“A manager has the task of creating a true whole that is larger than the sum of its parts. One analogy is the task of the conductor of a symphony orchestra, through whose effort, vision and leadership individual instrumental parts become the living whole of a musical performance. But the conductor has the composer’s score; he is only interpreter. The manager is both composer and conductor.”
–Peter F. Drucker
I’ve had opportunities to think about this idea of Peter Drucker’s a lot lately. This past summer I participated in an engaging teleconference with scientists in Krakow, Poland, who were also interested in examining performance and productivity in organizations. Drucker wrote quite a bit in Management: Tasks, Responsibilities and Practices about the idea of “the spirit of performance,” which “in a human organization,” he said, “means that it’s energy output is greater than the sum of the efforts put in. It means the creation of energy.”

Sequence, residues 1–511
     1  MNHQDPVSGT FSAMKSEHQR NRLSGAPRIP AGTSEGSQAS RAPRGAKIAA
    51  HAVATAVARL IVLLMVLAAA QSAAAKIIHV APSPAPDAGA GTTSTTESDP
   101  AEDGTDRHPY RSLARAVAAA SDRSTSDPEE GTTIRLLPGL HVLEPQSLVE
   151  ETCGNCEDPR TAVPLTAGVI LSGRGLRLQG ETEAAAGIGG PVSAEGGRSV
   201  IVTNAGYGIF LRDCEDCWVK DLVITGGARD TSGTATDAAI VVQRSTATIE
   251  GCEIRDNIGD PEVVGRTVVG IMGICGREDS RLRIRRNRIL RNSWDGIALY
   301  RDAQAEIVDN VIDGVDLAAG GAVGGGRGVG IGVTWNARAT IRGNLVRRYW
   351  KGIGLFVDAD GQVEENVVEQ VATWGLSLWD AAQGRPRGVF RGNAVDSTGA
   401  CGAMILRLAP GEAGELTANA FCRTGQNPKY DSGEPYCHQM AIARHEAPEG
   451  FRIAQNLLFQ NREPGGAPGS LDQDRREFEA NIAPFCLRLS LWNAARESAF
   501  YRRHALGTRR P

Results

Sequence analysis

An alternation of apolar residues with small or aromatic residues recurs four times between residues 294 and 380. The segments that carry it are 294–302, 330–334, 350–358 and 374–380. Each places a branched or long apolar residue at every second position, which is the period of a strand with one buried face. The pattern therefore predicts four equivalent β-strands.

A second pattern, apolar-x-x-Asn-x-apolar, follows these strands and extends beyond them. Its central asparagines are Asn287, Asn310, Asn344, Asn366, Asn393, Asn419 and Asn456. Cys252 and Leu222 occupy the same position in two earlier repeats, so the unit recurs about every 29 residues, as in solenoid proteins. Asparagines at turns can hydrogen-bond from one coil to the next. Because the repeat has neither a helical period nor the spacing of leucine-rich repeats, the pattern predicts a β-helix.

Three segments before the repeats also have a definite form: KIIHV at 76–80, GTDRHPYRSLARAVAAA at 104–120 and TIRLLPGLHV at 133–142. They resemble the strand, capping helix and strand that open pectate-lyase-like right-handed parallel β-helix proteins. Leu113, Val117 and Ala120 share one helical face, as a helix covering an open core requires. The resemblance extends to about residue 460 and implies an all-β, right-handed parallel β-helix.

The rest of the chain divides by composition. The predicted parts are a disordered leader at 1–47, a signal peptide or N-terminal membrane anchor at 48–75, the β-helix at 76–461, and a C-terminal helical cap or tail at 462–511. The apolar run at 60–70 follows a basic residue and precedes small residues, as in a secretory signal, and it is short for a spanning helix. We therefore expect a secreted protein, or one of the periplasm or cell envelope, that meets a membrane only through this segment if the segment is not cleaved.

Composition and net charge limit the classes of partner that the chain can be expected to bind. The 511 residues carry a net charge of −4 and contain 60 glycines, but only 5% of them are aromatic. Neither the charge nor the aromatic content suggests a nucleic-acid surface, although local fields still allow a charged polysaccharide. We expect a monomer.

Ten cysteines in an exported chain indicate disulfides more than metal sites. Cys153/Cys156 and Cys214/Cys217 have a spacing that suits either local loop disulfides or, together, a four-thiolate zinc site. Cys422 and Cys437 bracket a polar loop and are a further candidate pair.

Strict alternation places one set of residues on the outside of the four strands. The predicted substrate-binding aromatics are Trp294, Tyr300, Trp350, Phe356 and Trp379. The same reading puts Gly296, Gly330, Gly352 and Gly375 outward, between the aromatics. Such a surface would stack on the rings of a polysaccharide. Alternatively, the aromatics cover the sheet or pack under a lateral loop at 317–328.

[EXPAND More]What I think is really significant is that he went on to say, “To get out more than is being put in is possible only in the moral sphere.”
By invoking the term “moral sphere,” Drucker wasn’t coming from a religious or preaching perspective. Rather, he was saying that it’s possible to reach a high level of performance only within a sphere that is ruled by, and conforms to, ethical practices and norms. He believed that management was a moral science.
As I met with the scientists from Poland, I thought a lot about my own output and my own productivity. I got some great advice about looking at the ways that I spend my time and how to better leverage that time in order to improve my performance. I was reminded that I had to be responsible for managing my time better and for identifying people on my team who might have strengths in areas where I am not so strong, and to shift those activities over to them. That way, I could better focus on the activities where my strengths lie.
What Drucker observed and instinctually noted about high-functioning organizations has been supported by the more methodical research of thinkers like Jim Collins in his book Good to Great. Collins examined many companies, and was able to quantifiably identify the elements that support greatness. More and more I am interested and excited to see Drucker’s ideas come to bear and be bolstered by the empirical evidence that is out there.